Marfé Ferguson Delano '80

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Marfé Ferguson Delano '80

Pam Knecht

Marfé Ferguson Delano has written more than a dozen children's books for the National Geographic Society, ranging from award-winning biographies of Thomas Edison, Albert Einstein, and Annie Sullivan to her most recent work on global warming. But given the books' audience and length—fewer than 10,000 words—paring down an accomplished life or a complicated subject can be a daunting task.

Earth in the Hot Seat

"With biographies, I try to determine early in the research and writing process a theme that I can build the story around," says Delano. "For Edison, it was his persistence. For Einstein, it was his overwhelming curiosity. And for [Helen Keller's teacher] Sullivan, it was her combination of determination, stubbornness, and creativity."

Delano's most recent book, Earth in the Hot Seat: Bulletins From a Warming World, presented her with another kind of challenge because of the complicated and somewhat controversial subject matter. "I know a few people who are climate-change skeptics, so I was painstaking in my research on what the issues were," she says. "But what I found, and my editors agreed, was that the evidence is overwhelming that humans are responsible for the buildup of greenhouse gases. Rather than present the skeptics' arguments and then refute them—and since I only had about 8,000 words—we agreed not to include them."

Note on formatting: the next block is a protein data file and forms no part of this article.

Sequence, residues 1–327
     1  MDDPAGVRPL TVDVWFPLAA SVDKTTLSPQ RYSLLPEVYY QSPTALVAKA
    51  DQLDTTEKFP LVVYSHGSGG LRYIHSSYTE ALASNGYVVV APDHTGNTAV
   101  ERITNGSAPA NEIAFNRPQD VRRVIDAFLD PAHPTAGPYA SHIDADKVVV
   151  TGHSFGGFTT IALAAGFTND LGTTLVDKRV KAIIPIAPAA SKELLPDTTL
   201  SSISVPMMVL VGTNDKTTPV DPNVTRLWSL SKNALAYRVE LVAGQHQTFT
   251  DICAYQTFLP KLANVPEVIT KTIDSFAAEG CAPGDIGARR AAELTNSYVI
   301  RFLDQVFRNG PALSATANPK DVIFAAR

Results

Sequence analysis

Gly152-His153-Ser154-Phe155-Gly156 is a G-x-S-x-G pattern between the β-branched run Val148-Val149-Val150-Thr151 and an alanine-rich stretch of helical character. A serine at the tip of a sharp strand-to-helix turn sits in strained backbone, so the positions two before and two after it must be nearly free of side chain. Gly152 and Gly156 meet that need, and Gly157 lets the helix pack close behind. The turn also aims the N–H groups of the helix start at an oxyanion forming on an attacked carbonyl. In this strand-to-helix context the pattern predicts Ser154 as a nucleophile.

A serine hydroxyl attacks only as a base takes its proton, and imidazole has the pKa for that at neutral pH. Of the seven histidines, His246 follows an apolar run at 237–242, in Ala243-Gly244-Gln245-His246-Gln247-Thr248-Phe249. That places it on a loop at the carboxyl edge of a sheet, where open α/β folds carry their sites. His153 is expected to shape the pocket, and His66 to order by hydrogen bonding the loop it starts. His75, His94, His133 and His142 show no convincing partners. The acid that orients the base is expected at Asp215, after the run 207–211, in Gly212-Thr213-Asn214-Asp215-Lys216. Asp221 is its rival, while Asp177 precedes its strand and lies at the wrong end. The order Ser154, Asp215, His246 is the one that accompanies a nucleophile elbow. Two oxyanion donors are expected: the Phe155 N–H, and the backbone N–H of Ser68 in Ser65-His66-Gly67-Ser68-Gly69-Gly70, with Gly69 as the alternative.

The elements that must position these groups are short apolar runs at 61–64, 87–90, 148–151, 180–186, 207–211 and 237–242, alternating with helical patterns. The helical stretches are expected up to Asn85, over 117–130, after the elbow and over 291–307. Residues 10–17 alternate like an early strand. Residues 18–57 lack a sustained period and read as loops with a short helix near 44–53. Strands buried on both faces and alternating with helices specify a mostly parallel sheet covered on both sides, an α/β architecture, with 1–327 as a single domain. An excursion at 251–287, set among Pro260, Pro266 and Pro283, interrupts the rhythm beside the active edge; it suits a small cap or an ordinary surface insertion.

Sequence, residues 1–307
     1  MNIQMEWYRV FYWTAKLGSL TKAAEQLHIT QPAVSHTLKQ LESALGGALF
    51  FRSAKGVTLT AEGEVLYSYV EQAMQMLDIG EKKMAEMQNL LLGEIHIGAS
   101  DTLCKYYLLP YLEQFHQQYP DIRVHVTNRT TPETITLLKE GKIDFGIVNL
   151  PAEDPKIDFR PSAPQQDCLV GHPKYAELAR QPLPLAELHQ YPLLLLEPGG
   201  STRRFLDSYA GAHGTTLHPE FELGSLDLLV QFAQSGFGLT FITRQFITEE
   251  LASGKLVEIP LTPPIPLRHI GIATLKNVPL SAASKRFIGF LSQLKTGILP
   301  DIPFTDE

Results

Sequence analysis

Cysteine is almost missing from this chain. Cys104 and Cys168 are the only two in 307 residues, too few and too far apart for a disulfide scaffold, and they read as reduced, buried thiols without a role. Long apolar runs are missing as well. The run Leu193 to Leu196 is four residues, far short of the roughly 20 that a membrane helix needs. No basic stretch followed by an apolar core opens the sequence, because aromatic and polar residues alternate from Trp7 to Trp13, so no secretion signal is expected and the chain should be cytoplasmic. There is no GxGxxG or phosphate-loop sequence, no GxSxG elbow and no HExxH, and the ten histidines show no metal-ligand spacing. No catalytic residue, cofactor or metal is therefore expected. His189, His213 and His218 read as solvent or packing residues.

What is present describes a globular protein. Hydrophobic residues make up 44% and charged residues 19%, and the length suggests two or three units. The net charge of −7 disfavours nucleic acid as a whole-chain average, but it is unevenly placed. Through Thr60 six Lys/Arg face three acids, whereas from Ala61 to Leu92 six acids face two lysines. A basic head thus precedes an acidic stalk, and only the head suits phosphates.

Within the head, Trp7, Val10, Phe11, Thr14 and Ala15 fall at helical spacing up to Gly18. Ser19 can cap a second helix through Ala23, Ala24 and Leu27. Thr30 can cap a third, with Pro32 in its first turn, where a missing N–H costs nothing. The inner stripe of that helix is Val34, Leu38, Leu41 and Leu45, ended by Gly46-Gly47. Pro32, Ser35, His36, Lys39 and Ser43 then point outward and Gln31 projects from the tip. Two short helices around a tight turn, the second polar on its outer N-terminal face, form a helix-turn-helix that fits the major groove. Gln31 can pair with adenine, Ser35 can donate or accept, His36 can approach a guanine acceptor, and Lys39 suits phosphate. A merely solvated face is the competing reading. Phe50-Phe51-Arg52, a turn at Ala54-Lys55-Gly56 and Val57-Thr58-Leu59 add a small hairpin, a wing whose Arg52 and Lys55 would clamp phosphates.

Instead, the book is packed with sobering statistics, satellite maps of the warming planet and photos of vanishing rain forests, energy-saving tips, and profiles of environmentalists, including oceanographer and explorer Sylvia Earle A.M. '56, Ph.D. '66, Hon. '93. Although geared for children and young adults, Delano's books are informative primers for readers of all ages.

"One of the best ways to be quickly informed about a topic or a person is to read a good kids' book about them," she says. "All of a sudden you know enough to have a discussion about the subject. One of the nicest reviews that Genius received called it a perfect introduction for adults who want to know more about Einstein."

At Duke, Delano had planned to major in history and pursue a law degree. But soon after enrolling in an English literature survey course taught by Oliver Ferguson, she scrapped those plans and declared herself an English major. "I'd never had a course that pulled apart literature and characters in the way that his class did. Working with him and writing papers for his class helped me focus in on how books are structured."

After graduating, she landed an entry-level job as an editorial assistant in the children's-book department at Charles Scribner's Sons in New York. Later, she honed her writing skills first as a copy editor and then as a staff writer for Time-Life Books. After her two children were born, Delano became a freelance writer. In the late '90s, an editor at National Geographic who was familiar with her work asked her to write a children's book about the sky, Earth's atmosphere, and the weather.

"I've been writing children's books ever since," she says.

She is currently conducting research on slave life at Mount Vernon; she and her husband live in Alexandria, Virginia, on land once owned by George Washington. Delano also finds herself drawn to the rich history surrounding her birthplace of Memphis, Tennessee, from the city's role during the civil rights movement to the indelible influence of the region's country and blues musicians.

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